If an injury happens to occur, the Opti-stretch warm-up program can be utilized to help heal the injury as rapidly as possible. When the back has returned to normal, the screening program is performed to ensure the injury has healed completely.

Other important concepts

Flexibility

Many studies have shown that back pain occurs in about the same frequency for individuals who are extremely flexible and those who are not very flexible. Hyperflexible individuals with back pain exhibit similar asymmetry and (ACIMS) as other individuals with back pain.

Opti-stretch research has shown that expected relative flexibility can be estimated by assessing which joints are double-jointed (a.k.a. joint hyperflexibility or extensibility). Four groups exist: no doubled jointedness, 1st degree (thumb or finger), 2nd degree (elbow), 3rd degree (knee or hip) and 4th degree (spine). With increasing joint size double-jointedness the expected relative flexibility increases.

This is very valuable information when assessing and comparing individuals.

Seldom are these different levels of hyperflexibility see before 6 years of age.

Common Locations

These are the most common reoccurring muscle strain locations in 4000 individuals and where Opti-stretch has been demonstrated to be extremely helpful. A complete and detailed description is beyond the scope of this website. Only a brief introduction for reference purposes is presented. (A more detailed description is found in "Opti-stretch versus Recurrent Back Pain". There is a great deal of additional information which has not yet been published.)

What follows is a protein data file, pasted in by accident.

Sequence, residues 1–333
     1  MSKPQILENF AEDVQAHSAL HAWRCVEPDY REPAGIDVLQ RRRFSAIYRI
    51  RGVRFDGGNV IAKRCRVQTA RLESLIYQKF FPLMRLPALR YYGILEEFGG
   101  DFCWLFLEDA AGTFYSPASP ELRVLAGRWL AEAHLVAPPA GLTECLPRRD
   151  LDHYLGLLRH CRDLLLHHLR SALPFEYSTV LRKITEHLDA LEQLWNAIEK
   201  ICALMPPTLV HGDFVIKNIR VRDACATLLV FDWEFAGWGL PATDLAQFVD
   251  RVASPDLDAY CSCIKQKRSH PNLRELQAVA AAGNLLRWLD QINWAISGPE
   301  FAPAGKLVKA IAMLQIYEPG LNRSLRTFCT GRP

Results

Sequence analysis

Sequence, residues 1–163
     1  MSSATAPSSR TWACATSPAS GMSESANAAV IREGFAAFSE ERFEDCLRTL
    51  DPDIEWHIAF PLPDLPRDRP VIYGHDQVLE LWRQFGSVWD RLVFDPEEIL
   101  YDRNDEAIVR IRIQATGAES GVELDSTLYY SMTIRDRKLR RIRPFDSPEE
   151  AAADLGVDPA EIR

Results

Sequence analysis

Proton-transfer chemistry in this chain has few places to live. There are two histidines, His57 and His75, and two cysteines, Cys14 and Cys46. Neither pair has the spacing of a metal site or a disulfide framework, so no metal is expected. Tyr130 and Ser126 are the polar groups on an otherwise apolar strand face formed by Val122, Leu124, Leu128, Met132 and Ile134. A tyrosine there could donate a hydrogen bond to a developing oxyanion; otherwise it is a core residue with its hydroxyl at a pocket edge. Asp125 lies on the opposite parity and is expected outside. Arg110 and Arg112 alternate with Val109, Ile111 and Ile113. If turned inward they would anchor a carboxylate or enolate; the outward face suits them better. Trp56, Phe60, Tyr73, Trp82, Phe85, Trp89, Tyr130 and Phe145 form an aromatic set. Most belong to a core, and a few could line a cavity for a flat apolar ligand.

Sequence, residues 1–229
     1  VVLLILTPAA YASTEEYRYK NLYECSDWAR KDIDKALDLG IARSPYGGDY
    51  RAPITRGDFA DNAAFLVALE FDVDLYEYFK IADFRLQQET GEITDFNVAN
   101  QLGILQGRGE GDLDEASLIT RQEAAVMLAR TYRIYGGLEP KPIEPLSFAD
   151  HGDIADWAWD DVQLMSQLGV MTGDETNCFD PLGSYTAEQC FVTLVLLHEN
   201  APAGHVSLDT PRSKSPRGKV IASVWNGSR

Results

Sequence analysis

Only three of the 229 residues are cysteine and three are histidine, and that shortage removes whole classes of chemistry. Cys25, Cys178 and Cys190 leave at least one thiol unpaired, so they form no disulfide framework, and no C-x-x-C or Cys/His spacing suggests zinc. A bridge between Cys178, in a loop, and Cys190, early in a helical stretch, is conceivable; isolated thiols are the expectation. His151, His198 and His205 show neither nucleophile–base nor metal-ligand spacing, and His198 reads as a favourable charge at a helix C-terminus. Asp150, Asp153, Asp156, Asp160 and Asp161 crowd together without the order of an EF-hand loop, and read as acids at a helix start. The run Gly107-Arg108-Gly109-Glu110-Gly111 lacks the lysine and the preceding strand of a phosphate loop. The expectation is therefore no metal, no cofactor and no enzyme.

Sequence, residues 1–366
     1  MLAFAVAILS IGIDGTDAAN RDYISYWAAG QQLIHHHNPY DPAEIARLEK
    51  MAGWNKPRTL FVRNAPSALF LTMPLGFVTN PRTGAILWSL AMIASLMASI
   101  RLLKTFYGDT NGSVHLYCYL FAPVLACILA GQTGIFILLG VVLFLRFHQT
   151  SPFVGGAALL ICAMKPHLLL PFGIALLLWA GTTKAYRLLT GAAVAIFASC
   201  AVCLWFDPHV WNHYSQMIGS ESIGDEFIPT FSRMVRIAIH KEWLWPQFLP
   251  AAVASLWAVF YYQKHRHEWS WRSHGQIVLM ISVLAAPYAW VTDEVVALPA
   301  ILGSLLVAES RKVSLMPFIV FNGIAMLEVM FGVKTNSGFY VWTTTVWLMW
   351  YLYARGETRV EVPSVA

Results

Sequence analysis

Low Back

Button 1 shows the location of the most frequent and most incapacitating area of low back pain known. Remember, this location is after several weeks of healing. Acutely, the severe pain involves the entire low back area. There are 5 different types of this problem. Briefly, the most severe worst-of-the-worst strain problem known to man is right-sided ipsilateral (same side) asymptomatic chronically injured muscles (ACIMS). A less severe problem is left-sided ipsilateral ACIMS. Two other types are seen where contralateral (opposite side) ACIMS form. This constitutes a less severe form of the problem. A 5th type is reserved for the few individuals not fitting into the above mentioned types. The primary muscle strain involves the iliopsoas complex.

Button 3 is also a very common location for muscle strain of the erector spinae muscles. This is frequently seen in Level 1 form in blue collar labors experiencing a particularly demanding day working in a bend over position which they are not accustomed. Level 2 and 3 is commonly seen in "weekend warriors" and others with poorly conditioned erector spinae muscles.

Hip

Button 6 is a location frequently seen in females. It can be a serious problem and is analogous to the button 1 area in males. In its most acute form it can be mistaken for a hip bursitis.

Upper low back

Button 4 location is not extremely common. Frequently involves the quadratus lumborum muscle and\or multifidus musculature.

Upper back

Button 5 is the most common upper back problem area. It primarily involves the rhomboids which are difficult to stretch. Isometric exercises are important in returning the muscles to a healthy state. If low back ACIMS exist, these must be corrected first before any long term correction can be expected.

Neck and upper shoulders

Button 6 is the most common location of the shoulder and neck area. The levator scapulae and trapezius muscles are primarily involved. Two new stretches have been included in the Opti-stretch Upper Back Program for this area. Assessment and correction of low back ACIMS is again important.